The Topic is Smelly: Enzyme Cleaners and Cat Urine

Cat peeing on sofaThis is a smelly topic, but we need to talk about cat urine and enzyme cleaners. Your cat’s super-sensitive nose – knows where the urine is so if he has gone outside the box before, he will be drawn back to that spot again and again! The ASPCA estimates that up to 10% of cats will urinate outside the litter box at least at some point in their lives.* And any pet parent will tell you, urine is smelly! It’s also a leading cause of rehoming or surrendering cats in the USA.

An enzyme cleaner for cat urine isn’t a cleaning agent, instead, it’s made up of millions of live bacteria, hungry bacteria, that contain a catalyst called a protease enzyme and that enzyme wants to have a party on your cat’s urine and transform that urine into inert, odor-free substances. It’s kind of like Pac-Man eating his way through the maze of dots!

The reason it’s good for urine removal is if you just use a cleaning agent you’re trying to wipe away the urine, but you will invariably leave enough urine molecules behind to bring your cat back to the scene of the crime. Enzyme cleaners effectively eat the urine and when used properly leave nothing behind. To be absolutely certain you’re getting rid of every bit of urine, and not just for your nose, but for your cat’s nose too, you need a simple blacklight flashlight blacklight that detects stains. If you see glowing white spots then there is still enough urine residue to be smelled by your cat. To prevent him from being a serial re-offender you have to dig deep and enzyme-clean again.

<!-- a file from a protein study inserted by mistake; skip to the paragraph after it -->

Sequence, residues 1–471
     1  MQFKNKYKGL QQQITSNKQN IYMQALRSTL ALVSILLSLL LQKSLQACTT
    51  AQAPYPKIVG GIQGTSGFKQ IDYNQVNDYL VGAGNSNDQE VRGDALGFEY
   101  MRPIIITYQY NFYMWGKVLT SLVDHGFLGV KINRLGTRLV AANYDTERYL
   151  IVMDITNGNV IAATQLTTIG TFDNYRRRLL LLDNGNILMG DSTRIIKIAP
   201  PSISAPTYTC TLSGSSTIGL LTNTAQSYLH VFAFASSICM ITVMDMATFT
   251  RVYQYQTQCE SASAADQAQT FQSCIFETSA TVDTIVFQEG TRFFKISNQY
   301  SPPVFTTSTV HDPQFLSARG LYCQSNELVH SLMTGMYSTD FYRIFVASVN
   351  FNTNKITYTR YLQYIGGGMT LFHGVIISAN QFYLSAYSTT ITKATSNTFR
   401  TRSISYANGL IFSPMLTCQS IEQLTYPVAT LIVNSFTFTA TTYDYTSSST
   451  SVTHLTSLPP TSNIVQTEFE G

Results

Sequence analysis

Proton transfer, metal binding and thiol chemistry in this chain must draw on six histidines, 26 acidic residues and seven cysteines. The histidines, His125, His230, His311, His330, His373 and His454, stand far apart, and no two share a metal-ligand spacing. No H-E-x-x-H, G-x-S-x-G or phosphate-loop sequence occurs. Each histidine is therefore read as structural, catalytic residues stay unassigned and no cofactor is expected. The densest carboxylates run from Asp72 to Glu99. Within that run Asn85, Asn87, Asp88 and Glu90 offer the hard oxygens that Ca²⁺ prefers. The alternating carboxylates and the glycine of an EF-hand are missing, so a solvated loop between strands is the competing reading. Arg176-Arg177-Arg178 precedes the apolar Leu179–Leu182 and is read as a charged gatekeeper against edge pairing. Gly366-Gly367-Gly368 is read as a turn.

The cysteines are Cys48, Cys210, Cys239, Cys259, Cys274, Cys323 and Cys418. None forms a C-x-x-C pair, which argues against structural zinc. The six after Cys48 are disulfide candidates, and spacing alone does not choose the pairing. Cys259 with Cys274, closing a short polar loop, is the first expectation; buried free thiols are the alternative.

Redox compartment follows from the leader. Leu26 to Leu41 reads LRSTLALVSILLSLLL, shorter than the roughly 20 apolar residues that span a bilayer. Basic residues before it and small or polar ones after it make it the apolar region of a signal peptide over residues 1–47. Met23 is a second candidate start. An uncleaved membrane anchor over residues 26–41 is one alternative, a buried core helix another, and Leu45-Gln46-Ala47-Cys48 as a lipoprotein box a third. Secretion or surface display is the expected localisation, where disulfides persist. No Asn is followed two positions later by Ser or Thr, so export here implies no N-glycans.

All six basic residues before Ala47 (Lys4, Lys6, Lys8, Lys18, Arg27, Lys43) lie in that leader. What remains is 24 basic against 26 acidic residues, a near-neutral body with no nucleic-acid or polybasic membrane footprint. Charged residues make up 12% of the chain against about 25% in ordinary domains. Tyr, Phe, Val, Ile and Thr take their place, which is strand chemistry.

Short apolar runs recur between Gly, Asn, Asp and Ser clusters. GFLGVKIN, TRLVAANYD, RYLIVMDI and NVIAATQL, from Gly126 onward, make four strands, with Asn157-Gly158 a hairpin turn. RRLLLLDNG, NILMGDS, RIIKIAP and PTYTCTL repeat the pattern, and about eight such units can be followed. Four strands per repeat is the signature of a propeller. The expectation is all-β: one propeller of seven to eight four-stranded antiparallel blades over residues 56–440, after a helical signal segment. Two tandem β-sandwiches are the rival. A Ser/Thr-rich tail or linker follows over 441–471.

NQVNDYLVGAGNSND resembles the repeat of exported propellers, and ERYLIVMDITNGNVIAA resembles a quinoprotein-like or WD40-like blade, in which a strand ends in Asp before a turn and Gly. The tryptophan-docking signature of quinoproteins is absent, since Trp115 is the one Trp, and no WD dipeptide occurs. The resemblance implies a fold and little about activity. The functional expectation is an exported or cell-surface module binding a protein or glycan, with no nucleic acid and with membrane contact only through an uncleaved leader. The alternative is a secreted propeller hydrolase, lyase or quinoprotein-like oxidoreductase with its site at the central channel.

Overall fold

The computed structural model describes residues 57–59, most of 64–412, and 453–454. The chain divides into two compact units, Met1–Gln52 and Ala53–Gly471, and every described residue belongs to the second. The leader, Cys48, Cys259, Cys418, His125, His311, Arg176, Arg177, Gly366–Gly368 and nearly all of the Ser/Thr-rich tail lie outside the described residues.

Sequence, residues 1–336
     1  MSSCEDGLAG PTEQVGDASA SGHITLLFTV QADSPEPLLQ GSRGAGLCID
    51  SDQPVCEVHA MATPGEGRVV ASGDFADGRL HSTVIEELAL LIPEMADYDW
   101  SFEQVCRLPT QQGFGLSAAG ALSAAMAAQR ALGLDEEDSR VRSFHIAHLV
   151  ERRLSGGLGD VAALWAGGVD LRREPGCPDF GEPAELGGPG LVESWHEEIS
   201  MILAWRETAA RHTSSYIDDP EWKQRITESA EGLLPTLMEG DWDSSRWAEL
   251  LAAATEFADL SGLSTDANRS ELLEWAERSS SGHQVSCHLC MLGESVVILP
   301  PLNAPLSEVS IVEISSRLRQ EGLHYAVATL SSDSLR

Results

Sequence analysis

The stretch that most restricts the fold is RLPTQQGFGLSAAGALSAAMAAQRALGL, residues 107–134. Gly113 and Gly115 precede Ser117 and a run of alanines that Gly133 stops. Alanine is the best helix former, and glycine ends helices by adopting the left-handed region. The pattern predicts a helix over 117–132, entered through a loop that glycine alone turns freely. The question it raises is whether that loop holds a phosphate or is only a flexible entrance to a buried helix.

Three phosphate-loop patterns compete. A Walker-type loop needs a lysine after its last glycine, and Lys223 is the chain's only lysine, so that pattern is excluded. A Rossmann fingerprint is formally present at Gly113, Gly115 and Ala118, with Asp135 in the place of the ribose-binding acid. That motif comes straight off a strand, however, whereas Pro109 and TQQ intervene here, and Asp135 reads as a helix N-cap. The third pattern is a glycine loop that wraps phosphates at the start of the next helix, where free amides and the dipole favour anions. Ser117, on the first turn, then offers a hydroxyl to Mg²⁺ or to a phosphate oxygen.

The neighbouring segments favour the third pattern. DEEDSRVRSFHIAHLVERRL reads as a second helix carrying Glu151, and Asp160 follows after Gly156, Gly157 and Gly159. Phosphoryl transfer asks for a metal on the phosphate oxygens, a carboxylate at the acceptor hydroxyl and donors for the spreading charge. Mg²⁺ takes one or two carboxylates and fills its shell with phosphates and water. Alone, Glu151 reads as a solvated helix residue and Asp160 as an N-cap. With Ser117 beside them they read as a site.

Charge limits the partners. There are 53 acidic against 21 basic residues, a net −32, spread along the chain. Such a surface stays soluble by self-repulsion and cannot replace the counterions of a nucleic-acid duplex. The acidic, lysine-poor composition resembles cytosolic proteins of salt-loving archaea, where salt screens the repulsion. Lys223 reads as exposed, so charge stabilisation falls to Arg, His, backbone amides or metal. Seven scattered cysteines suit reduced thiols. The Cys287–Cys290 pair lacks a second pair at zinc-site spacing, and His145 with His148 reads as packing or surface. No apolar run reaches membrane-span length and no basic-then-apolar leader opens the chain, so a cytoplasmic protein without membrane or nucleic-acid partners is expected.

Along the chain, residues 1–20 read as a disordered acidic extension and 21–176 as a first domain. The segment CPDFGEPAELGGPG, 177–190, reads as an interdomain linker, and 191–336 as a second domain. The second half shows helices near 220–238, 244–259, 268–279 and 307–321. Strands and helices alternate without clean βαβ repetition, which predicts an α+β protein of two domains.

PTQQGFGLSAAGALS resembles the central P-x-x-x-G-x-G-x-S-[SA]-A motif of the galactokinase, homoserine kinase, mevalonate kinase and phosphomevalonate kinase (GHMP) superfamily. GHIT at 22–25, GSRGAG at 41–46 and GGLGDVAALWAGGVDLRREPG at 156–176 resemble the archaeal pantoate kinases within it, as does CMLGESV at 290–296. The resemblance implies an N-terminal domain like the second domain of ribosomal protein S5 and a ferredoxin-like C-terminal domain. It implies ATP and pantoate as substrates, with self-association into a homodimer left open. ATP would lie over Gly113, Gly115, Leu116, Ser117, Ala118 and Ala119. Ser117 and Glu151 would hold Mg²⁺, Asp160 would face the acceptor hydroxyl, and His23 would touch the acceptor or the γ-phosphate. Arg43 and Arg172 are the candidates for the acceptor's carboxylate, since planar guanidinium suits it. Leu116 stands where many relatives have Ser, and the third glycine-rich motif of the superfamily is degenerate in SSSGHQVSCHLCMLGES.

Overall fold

Precautions include generally testing fabric before deep application, and following the manufacturer’s instructions closely. If you use cleaning agents first, make sure you rinse well as some cleaners will inactivate the enzymes, or better yet, clean with detergents after using the enzyme cleaner (and detecting with the blacklight). 

The biggest consideration when buying an enzyme cleaner is that you want one specifically formulated for cat urine, and then you should decide if you want a scented or unscented product. Some including MisterMax Anti Icky Poo zero odor sprayalso have a pretreatment product and a separate stain remover in addition to their enzyme products. Nature’s Miracle is another well-known brand although some people object to the smell of it. Enzyme cleaners work on fabrics, clothing, and hard surfaces.

Tips include: Spray liberally. And you should let it air dry, not wipe the enzyme liquid away because it is the act of drying that allows the enzymes to do their job. 

On a related topic, if your litter box is smelly you’re obviously not going to want to use an enzyme cleaner on it. Instead, you can use a different type of product, a molecular blocker of scent. My favorite is Zero Odor, and for all sorts of different applications see the company website at These products are amazing and lock onto odor like a trap.

For your cat, urine is his Eau de toilette and we don’t want him depositing it around your home! Half the battle to get your cat to consistently use the litter box is the complete removal of urine stains that are outside the box. For the rest of that battle schedule a consultation with me and I will guide you to success. Also please see and fill out myCat on toilet litter box questionnaire. It helps reveal the various causes of inappropriate elimination that can be stress-induced, the result of separation anxiety, medical causes, territorial issues, litter box and/or substrate (litter) dissatisfaction, spraying, and more.



stephen quandt with his cats cricket and jenny

By Stephen Quandt

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